Our Latest Issue

Fiction: Swordtongue

Lyron paused on the hilltop. The land before him was desolate, hills red with dust, fields brown with dead plants, trees skeletal and leafless even in spring. A Darktalker had been here and perhaps still remained.

In the distance, a village of around two dozen cottages rested on top of the largest hill in sight. He followed the road toward the village. A hot wind swept clouds of dust around him, and he covered his mouth with his cloak.

As he neared the village, several thin, dirty men and women stared at him.

“Where is your leader?” Lyron asked.

One man pointed a bony finger to the largest cottage. Lyron walked to the dwelling and knocked on the door. No answer came. After several moments, he knocked again.

The door swung open. A man with a long black beard, similar to Lyron’s own, looked out.

“Why are you here, Swordtongue?” the man asked, his voice filled with the twisted charm of a Darktalker. “You are the cause of the drought that is destroying our crops. You and your Light Bringer, whose sun burns up our land.”

A crowd gathered nearby, muttering in bitter agreement with their leader’s words.

“Tell me, servant of the Dark One,” Lyron replied, “was the drought here when you came?”

The Darktalker smiled, his tone like that of an adult addressing a silly child. “Of course it was. I’ve tried to help the people who are under the curse of the Light. I’ve revealed pleasures beyond their wildest dreams, bringing them happiness in spite of the drought.”

Looking to the other villagers, Lyron unleashed the power of his order, the Swordtongues. “Tell me the truth, my friends. Was the drought here before he came?”

Several people nodded, but none spoke. Most looked thoughtful, for Lyron’s words gave them the ability to see through the Darktalker’s deception, if only for a moment. But would they choose to believe it? He watched one face after another harden as people embraced lies instead of truth.

Yet several men and women stepped forward, and one woman said, “You are right, Swordtongue. The drought was not here before he came. Only when we followed his teachings did our land become parched.”

“Lies!” the Darktalker cried. “He has bewitched your minds. He wants the drought to last forever!”

Lyron kept his gaze upon the people of the village. “Remember the blessings of the Light, before this Darktalker entrapped you with his lies? Remember how the Light Bringer loved you, and his ways brought you peace?”

The men and women who had stepped forward began weeping, and their tears splashed to the dusty ground. Where the salty droplets fell, small flowers sprouted, the green stems and yellow buds standing out on the dry, hard ground. The crowd gasped, and many people ran over to see the colorful plants.

Several women tried to push past the Darktalker and get out of the house, but he clung to them. They kept fighting his grasp and broke free, rushing over to the flowers. More people cried, their tears causing flowers to multiply, forming a small garden beside the road.

The Darktalker raised his hand, which was able to spew mighty flames when many believed his lies. He pointed his fingers at the flowers. As most of the people cringed and backed away, Lyron prayed that the villagers would hold onto the truth.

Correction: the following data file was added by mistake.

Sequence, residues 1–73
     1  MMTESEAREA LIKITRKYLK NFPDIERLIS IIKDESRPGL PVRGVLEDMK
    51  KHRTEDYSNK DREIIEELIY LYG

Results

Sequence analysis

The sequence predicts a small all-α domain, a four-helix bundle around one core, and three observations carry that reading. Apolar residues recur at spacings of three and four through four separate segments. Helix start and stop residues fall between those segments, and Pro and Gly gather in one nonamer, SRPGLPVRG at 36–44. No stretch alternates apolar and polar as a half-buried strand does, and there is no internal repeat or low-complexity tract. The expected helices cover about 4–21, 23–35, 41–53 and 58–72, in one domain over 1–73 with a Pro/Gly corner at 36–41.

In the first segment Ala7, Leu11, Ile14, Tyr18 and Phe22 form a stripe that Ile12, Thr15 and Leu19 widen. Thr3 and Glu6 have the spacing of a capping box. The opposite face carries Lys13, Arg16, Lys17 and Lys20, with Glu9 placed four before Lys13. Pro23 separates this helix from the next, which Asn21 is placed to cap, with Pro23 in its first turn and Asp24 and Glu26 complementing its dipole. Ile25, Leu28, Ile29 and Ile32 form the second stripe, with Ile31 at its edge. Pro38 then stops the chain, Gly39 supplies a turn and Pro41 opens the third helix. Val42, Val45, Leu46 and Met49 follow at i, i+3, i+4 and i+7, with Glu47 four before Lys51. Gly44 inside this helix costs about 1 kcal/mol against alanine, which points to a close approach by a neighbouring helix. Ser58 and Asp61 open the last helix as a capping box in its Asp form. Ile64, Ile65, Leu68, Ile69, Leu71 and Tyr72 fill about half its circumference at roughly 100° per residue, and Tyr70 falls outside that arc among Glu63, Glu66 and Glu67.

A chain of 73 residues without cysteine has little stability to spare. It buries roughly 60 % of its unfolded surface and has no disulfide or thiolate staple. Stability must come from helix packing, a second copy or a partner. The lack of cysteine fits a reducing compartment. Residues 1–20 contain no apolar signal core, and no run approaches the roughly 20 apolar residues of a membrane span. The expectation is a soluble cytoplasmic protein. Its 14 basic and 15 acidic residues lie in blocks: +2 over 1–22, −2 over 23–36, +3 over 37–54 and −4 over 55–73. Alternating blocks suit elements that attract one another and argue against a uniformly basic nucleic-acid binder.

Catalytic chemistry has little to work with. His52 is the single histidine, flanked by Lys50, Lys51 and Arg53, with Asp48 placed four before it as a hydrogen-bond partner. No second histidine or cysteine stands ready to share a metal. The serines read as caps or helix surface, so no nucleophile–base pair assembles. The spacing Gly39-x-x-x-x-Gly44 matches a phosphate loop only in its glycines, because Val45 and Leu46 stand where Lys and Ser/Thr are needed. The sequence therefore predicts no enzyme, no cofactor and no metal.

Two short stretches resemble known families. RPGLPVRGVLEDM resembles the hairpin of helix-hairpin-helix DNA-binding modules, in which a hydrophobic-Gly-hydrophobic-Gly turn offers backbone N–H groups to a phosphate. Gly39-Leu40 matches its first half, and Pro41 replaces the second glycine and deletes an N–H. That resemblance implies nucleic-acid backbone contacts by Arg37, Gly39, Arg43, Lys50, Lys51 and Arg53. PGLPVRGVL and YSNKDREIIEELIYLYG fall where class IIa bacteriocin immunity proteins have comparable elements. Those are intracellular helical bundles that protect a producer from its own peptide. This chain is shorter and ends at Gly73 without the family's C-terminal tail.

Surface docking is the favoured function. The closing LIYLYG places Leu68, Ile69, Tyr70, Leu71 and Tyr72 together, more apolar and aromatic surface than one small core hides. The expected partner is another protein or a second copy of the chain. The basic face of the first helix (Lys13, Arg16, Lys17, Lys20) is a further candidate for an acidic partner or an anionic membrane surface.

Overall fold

The Darktalker’s smile no longer appeared benign as he sneered at the frightened crowd. Sparks flew out of his fingertips, quickly growing in size. The people fell to their knees before him, pressing their faces to the ground.

“Trust the power of the Light,” Lyron said, all the love in his heart filling his voice. “It is more powerful than the fires of the Dark One.”

Several men and women stopped cringing and stood up, glaring at the Darktalker. A flame appeared out of the wicked man’s hand. As the fire grew in size, many people looked back and forth between the plants and the flame, but stayed on the ground.

Lyron raised his voice. “Behold! See the Darktalker for who he really is! He only destroys! It is he who wishes to burn the flowers, not I.”

The fire shot out from the Darktalker’s fingers, sending a line of flames toward the flowers. At the same moment, a dozen people leapt to their feet. Soon more joined them. Just as the fire was about to reach the flowers, the flames shrank into sparks, then sputtered out.

The Darktalker stared at his hand. “This is my village. Mine!”

“No.” Lyron stepped toward him. “Your power has ended here. Leave, or I will make you slither in the dust like the snake you are.”

After glaring at the crowd, the Darktalker started running. Lyron watched him until he was out sight, then walked to the newborn garden where all the villagers were gathered.

“My friends,” Lyron said, “if you truly turn back to the Light, this garden will spread across your land, and all will be as it was before the drought.”

Falling to his knees, one man said, “Thank you, Swordtongue, for showing us the truth and setting us free. Will you stay with us and be our leader?”

“The Light will guide you.” Lyron smiled kindly. “I would stay if I could. But many other villages are enslaved by the lies of Darktalkers. I must go set them free, too. Pray that my order and I will win the battles we fight.”

The man stood. “We will never stop praying.”

“Then all will be well here.” Lyron knelt and touched a flower. “May the blessings of the Light stay always in this place.”

Waving to the villagers, most of whom returned the wave, he headed down the road. After a while, he glanced back. Green plants had filled the whole village already. Smiling, he continued on his way.

Jonathan Garner’s writings have been published in more than a dozen magazines, including Havok and the Bible Advocate, and in the anthology Strange Summer Fun. In addition to reading and writing in a variety of genres, he enjoys listening to innovative music and exploring the many wonders of nature.